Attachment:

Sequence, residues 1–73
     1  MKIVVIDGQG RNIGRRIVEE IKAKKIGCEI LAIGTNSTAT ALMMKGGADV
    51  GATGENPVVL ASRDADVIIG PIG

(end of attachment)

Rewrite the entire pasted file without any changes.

Sequence, residues 1–73
     1  MKIVVIDGQG RNIGRRIVEE IKAKKIGCEI LAIGTNSTAT ALMMKGGADV
    51  GATGENPVVL ASRDADVIIG PIG